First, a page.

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Paid-for online content

By The Drum | Administrator

October 26, 2004 | 4 min read

That fact that websites have managed to persuade users to stump up the cash for online content is proof, if any were needed, that the paid for format can, and does, work online. In fact, it works very well. Jupiter Research predicts that UK consumers will be spending £1billion a year on online content by 2006.

Many online publishers are currently faced with a dilemma – to charge or not to charge. Economics may automatically encourage publishers to charge, but is that really feasible?

Not only does switching to subscription charging require a large marketing budget in order to persuade existing users and encourage new ones to subscribe to the paid-for format, but the added cost of setting up and then billing, whether using micro-payments or not, each individual subscriber, can mean that the initial benefits of charging for content are considerably diminished.

Pushing online publishers into the paid for content format is the fear that if they do not begin to charge they will not be able to compete effectively. But there are ways for sites to compete without charging for their content.

The announcement last week that online advertising is expected to top £500m by the end of 2004, and wide recognition that the medium is now a serious challenger to radio in terms of ad spend, is positive news for those providing free content.

Sites that ring-fence their content with subscription charges and the inevitable decline in user numbers this leads to as a result, will do little to endear themselves to brand managers hoping to use the internet as a medium for boosting brand awareness. Therein lies the key to successful competition with paid for sites. Free content sites need to firstly attract users from subscription sites who do not want to pay for content, and then, secondly, aggressively highlight the benefits to advertisers of the free content medium, over that of their paid for content counterparts.

If the current trend of charging for content continues, opportunities will arise for sites providing free content to compete with their subscription based rivals. But, of course, if the content on a site has about as much appeal as a dirty weekend away with Jeremy Beadle, no amount of marketing will make a site competitive.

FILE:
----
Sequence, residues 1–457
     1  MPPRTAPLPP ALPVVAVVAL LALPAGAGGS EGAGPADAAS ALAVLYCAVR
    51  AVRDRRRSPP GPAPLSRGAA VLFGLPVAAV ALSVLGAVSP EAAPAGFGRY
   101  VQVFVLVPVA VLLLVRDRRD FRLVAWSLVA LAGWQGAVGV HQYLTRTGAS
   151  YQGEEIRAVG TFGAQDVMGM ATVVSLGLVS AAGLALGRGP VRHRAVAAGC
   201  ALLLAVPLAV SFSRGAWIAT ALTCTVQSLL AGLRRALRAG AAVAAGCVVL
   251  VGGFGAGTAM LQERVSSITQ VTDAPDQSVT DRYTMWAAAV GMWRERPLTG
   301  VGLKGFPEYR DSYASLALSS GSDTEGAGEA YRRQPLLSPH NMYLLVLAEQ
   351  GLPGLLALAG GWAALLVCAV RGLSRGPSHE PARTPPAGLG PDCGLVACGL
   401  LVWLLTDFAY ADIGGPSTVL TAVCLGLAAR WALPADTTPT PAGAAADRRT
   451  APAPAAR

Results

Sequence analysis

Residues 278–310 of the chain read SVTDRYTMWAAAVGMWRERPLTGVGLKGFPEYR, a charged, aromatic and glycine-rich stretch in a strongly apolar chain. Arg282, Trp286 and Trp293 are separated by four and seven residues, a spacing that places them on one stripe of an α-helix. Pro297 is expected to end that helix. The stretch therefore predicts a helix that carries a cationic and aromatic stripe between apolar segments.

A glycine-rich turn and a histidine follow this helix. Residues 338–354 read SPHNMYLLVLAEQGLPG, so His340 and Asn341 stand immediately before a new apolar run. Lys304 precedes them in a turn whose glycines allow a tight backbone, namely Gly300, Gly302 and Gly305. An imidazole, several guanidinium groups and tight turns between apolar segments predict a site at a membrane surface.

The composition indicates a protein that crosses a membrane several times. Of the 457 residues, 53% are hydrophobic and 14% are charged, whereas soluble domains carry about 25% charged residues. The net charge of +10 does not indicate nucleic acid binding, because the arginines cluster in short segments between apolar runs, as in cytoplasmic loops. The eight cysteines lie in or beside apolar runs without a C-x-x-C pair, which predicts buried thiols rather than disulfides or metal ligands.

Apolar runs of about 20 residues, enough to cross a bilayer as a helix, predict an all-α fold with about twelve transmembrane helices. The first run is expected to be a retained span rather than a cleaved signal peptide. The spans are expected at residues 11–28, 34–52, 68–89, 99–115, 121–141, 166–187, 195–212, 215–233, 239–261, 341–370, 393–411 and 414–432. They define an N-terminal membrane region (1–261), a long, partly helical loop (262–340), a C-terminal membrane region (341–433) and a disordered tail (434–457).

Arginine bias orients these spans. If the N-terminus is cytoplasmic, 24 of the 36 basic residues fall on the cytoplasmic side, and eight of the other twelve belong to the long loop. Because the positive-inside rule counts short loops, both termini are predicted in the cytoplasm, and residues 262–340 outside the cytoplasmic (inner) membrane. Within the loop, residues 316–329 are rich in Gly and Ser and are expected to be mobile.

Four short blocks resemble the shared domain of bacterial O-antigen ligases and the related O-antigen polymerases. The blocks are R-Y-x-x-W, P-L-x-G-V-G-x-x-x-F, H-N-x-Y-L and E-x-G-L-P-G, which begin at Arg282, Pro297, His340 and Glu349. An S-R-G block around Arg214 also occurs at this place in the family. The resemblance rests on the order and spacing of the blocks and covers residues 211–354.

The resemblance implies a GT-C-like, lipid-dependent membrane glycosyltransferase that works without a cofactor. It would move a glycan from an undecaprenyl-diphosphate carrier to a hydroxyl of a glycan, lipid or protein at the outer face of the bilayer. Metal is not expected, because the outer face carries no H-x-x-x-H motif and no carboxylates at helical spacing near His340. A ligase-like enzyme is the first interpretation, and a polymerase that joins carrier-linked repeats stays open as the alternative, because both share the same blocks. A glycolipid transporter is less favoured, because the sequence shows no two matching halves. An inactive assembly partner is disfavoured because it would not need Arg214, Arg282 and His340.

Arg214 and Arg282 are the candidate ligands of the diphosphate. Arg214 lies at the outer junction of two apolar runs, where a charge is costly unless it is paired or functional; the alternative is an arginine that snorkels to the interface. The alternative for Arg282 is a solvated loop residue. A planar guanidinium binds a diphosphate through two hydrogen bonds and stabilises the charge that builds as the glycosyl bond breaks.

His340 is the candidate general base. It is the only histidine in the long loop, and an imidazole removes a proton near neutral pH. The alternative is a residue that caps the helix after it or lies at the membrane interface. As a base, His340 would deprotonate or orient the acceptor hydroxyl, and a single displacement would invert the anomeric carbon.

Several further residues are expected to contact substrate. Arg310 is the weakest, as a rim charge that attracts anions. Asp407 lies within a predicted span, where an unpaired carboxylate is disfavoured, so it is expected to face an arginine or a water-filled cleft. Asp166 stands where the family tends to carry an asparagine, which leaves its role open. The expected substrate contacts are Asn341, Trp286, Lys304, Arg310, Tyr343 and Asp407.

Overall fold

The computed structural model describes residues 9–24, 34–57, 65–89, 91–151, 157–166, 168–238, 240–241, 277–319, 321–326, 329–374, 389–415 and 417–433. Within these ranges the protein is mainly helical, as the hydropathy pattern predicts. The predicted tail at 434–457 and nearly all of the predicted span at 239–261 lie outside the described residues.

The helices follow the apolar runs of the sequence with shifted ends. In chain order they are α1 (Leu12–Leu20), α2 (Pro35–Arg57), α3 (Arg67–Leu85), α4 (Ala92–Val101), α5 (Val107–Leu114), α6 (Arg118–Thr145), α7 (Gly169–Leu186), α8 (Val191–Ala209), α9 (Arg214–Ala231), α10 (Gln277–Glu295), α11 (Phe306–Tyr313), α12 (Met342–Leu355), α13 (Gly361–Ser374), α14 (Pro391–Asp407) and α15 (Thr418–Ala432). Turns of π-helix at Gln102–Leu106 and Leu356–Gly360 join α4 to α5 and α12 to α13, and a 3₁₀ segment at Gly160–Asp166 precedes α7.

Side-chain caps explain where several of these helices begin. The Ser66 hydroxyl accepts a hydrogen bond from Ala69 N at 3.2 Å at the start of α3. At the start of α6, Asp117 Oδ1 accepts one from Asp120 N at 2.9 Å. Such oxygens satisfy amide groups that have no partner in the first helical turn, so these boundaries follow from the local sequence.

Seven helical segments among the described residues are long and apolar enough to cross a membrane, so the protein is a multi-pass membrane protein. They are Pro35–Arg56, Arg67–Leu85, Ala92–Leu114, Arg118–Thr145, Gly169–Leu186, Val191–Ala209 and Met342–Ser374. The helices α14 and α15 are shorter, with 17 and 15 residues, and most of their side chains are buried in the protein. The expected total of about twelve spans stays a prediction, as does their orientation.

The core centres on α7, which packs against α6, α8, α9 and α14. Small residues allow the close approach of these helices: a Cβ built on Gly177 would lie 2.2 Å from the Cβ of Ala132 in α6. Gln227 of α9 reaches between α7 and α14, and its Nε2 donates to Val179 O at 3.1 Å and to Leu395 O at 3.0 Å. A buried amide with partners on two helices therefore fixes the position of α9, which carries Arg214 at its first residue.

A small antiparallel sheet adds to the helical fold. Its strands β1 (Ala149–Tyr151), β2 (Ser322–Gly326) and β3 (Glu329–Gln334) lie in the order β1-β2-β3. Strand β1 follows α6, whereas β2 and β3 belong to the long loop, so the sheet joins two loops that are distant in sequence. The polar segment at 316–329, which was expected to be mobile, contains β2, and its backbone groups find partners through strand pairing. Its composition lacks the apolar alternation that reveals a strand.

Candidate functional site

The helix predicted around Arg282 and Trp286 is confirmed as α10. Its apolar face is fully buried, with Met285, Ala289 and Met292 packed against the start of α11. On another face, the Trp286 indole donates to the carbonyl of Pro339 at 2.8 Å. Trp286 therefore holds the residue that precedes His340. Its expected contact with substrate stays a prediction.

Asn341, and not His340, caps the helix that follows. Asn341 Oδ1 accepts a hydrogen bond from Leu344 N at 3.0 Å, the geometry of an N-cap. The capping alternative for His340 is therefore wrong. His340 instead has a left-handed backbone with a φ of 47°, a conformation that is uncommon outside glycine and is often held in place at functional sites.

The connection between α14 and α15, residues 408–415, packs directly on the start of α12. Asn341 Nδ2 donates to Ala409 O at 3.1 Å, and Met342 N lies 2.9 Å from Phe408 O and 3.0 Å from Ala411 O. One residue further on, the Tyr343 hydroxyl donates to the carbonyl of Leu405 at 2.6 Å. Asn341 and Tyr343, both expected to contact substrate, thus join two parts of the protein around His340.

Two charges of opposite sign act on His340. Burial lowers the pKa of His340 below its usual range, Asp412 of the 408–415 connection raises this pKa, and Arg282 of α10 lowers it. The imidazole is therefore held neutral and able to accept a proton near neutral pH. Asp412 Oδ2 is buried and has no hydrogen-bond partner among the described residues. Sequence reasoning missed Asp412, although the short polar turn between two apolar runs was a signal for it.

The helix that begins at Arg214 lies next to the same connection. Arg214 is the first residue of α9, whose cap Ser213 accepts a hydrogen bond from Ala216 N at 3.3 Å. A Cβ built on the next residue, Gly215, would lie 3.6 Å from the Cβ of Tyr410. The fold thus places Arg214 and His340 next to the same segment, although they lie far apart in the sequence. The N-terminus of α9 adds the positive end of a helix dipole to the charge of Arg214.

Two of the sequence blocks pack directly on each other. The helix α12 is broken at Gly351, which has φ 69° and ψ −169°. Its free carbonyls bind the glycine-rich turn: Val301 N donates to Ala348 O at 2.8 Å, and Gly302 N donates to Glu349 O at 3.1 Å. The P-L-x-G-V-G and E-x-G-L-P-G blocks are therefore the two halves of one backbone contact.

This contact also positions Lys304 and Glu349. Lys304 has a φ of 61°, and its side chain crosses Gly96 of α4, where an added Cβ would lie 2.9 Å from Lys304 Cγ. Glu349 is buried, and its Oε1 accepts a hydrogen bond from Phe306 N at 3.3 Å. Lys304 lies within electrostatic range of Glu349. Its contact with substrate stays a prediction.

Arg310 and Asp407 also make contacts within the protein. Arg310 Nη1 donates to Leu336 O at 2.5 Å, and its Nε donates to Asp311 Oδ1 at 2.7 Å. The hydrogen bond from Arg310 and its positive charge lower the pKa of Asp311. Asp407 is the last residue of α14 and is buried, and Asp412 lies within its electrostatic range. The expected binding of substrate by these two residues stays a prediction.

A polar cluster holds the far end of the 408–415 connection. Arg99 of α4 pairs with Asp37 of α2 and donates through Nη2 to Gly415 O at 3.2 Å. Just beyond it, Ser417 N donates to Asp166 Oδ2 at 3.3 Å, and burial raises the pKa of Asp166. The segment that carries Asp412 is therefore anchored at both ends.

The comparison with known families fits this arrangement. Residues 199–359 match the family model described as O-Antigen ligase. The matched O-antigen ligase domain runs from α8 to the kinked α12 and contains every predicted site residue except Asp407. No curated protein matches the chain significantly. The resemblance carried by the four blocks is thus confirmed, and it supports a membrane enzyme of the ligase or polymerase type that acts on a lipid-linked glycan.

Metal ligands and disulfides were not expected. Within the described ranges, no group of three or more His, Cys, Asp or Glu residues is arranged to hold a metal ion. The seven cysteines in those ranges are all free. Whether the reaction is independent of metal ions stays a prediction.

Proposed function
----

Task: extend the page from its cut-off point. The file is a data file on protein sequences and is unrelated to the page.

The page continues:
In the UK we are currently protected from the extremes of paid for content by the BBC. In so long as the BBC continues to provide an exceptional online service free from advertising and subscription charges, on topics as diverse as news, family history, finance and lifestyle, there is a limit to how successful a paid for content operation can be.

Currently the paid for format only works for a number of well branded sites that are usually supported by a strong off-line presence. The Wall Street Journal and the Financial Times are just two such subscription sites that fall into this mould. Making the switch without a significant offline ‘carrot’ to tempt users into subscribing can be extremely difficult.

However, with the BBC’s charter up for renewal in 2006 and the analysis of the Corporation’s activities outside the realm of public service broadcasting that this brings, the future may not be as clear cut when it comes to paid for content.

If the BBC is compelled to curb some of its online operations, as is becoming increasingly likely, and UK consumers continue to adapt to the subscription format, there is a very real danger of a ‘ghetto effect’ taking place online as a result of charging for content, with certain parts of the web becoming no-go areas, restricted only to fully subscribed members.

What none of us want for the future; publisher, advertiser and user, is for the web to become an online version of Satellite television, where everyone with a dish can receive it, but unless you cough up and subscribe to a monthly package it isn’t really worth it.

Dale Lovell is Content Manager at


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